Apple has taken the first step to officially add support to AV1

Core Media is Apple’s framework that manages the types of content and codecs that can then be managed by AVFoundation and by the various operating systems. The latest change to the list of supported codecs saw the introduction of a new constant, kCMVideoCodecType_AV1: we are facing the first step towards adding full support for the AV1 codec within Apple operating systems.

The management of the various codecs by the Cupertino company has always been very particular, especially as regards the codecs intended for the reproduction of distribution formats: the HEVC hardware decoder, for example, was also present inside the A10 but Apple decided not to disclose this information by keeping it off and disabled until the A11’s launch the following year, when the format was more mature. It was then unlocked on all products.

No one today can tell if an AV1 hardware decoder is present within the media engine of the M1, M2 or A15 processor, but what we do know is that in addition to the Core Media modification within iOS 16, iPadOS 16 and macOS Ventura the AV1SW.videodecoder is connected to an ARM build of the well-known opensource decoder dav1dwith some elements that also refer to the GPU acceleration given by Metal.

One of these is, for example, the “film grain”, that is the noise and disturbances typical of old films. In AV1 compressed content this noise can be generated in overlay by the decoder based on a parameter that indicates the amount of noise to be added, and is therefore not encoded together with the content to avoid an excess of artifacts. In the beta of the new OS there are several libraries such as “/System/Library/VideoDecoders/AV1SW.metallib” which exploit the shaders of the GPU through Metal to generate elements such as the film grain.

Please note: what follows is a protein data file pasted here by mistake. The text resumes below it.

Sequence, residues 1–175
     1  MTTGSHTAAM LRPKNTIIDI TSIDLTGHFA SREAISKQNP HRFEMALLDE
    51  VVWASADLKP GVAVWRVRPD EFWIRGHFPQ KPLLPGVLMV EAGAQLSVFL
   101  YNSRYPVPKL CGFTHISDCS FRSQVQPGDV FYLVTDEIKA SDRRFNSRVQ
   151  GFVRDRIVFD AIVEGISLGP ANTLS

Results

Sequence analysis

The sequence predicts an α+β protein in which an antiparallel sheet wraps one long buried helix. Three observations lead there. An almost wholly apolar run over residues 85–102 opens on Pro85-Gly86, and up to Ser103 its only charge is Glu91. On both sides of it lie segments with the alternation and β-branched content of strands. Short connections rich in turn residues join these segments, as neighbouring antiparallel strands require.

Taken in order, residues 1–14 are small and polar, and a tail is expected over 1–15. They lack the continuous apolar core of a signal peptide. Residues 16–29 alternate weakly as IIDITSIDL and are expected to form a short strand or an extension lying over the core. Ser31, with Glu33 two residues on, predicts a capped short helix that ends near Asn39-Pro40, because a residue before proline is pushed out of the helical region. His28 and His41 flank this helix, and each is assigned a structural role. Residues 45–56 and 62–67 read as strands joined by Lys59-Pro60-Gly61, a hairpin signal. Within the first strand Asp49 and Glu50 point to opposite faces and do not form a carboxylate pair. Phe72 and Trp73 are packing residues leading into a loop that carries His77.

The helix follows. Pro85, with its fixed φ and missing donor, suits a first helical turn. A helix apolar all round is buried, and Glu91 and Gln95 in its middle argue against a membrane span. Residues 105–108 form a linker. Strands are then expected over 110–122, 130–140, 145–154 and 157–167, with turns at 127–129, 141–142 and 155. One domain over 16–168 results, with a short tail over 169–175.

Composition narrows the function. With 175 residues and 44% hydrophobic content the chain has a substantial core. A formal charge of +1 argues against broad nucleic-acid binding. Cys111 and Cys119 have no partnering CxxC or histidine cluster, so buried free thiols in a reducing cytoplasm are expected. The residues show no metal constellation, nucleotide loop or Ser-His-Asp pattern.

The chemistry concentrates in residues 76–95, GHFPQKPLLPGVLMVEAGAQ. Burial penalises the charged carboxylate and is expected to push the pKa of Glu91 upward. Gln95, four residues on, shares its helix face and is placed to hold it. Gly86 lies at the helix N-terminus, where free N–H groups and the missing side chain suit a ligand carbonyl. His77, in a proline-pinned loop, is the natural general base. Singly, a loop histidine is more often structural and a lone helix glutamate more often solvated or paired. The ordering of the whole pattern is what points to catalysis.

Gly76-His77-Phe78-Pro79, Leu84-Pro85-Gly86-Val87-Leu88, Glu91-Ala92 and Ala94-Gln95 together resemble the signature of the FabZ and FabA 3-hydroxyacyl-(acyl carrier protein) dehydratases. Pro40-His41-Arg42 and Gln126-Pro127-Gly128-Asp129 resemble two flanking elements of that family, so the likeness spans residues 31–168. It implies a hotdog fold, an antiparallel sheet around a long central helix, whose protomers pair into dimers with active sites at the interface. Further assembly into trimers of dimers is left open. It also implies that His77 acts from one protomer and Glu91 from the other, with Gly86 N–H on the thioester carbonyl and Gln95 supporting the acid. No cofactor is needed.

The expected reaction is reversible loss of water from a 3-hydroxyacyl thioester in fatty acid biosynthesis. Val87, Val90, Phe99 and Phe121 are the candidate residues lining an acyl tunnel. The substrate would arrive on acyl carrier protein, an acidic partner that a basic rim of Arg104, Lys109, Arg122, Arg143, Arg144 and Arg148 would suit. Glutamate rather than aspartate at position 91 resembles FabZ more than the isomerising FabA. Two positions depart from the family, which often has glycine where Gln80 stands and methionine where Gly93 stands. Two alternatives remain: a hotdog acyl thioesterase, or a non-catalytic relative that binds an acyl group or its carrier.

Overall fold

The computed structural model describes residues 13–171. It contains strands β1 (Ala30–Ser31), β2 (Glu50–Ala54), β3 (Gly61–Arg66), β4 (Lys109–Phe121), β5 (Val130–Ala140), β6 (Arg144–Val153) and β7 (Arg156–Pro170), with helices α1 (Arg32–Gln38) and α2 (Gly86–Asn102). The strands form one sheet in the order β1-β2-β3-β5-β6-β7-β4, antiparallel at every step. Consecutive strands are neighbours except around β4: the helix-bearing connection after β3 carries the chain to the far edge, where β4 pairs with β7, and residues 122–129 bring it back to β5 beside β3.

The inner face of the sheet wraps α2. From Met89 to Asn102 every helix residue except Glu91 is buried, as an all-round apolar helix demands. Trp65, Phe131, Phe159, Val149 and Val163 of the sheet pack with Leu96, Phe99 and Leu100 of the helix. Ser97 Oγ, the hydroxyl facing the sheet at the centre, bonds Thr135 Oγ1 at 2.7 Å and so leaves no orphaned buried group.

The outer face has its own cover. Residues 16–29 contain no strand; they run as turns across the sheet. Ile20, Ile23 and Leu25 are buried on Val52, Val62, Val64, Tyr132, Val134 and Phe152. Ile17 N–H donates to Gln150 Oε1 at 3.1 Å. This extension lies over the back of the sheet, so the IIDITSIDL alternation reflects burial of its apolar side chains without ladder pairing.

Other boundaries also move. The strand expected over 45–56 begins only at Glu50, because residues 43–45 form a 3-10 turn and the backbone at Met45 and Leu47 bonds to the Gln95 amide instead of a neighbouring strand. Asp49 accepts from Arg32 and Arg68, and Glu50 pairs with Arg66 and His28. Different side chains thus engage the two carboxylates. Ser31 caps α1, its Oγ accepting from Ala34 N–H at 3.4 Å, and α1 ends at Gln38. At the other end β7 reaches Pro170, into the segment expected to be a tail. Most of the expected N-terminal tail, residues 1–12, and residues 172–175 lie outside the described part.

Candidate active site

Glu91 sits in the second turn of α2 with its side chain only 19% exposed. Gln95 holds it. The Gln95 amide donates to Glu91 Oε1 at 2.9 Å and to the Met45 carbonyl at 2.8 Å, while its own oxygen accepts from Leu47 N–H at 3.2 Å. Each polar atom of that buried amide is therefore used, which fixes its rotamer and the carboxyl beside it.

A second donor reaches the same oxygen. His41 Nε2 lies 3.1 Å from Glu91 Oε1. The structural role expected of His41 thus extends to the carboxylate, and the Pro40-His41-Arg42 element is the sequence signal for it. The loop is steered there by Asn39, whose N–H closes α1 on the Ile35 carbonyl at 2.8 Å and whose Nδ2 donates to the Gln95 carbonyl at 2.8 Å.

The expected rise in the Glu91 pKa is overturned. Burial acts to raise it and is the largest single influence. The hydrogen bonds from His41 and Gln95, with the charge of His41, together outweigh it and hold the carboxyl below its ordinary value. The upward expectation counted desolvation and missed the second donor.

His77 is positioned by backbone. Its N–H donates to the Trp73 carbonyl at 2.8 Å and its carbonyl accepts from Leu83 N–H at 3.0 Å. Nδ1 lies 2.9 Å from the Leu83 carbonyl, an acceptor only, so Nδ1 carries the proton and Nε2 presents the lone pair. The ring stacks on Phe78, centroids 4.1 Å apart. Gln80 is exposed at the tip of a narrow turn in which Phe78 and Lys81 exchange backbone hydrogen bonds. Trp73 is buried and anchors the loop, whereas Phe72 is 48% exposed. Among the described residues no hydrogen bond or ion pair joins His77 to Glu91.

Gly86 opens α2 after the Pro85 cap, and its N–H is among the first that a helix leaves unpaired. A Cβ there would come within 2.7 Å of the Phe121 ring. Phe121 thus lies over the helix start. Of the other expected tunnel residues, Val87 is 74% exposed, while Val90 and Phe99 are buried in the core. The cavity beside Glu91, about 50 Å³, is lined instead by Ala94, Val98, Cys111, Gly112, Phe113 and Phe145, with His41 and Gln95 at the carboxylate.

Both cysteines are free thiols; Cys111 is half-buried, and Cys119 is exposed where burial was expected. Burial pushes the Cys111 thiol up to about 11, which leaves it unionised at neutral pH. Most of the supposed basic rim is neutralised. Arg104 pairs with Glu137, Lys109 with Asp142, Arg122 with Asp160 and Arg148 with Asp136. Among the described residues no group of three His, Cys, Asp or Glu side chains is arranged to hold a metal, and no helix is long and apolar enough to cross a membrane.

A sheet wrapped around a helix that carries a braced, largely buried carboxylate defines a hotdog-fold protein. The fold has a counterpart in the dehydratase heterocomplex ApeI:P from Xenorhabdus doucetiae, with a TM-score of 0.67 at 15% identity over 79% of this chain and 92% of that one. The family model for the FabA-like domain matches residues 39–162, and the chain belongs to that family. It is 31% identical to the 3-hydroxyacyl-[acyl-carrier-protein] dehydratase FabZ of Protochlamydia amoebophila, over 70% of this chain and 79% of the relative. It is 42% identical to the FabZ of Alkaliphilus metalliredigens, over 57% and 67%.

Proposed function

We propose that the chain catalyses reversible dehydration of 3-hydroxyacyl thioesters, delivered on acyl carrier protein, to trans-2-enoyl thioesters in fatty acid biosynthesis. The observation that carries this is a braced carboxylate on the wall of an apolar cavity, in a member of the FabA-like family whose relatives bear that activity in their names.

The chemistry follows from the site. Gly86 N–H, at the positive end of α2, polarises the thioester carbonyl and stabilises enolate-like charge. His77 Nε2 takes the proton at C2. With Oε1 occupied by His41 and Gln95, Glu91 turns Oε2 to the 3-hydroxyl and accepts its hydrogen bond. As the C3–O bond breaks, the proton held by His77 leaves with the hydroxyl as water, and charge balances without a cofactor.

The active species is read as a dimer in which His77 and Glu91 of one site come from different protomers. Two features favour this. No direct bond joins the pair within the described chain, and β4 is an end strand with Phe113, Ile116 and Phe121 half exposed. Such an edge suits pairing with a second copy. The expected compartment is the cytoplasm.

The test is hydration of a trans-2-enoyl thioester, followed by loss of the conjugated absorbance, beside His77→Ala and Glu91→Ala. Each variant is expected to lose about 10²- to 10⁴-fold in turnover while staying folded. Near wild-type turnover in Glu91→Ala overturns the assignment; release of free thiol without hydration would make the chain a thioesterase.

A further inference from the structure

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If things don’t change, we’re still in beta, iOS 16 and macOS Ventura will have a partially GPU accelerated AV1 decoder on board for some components, a decoder that will also work on older iPhone and iPad models, as long as they have an ARM processor inside. From the tests done on M1 Dav1d, the most famous AV1 codec, it manages to be decidedly lean in terms of resources required when working on Apple Silicon therefore it may not be necessary to add a real hardware encoder / decoder within the media engine, where we find the ProRes and HEVC decoders. In fact, it is difficult to think of AV1 as the default format for the timeline of an editing software such as Resolve, Premiere or FinalCut: it was not created for this, but to save bandwidth while maintaining high quality within streaming services.

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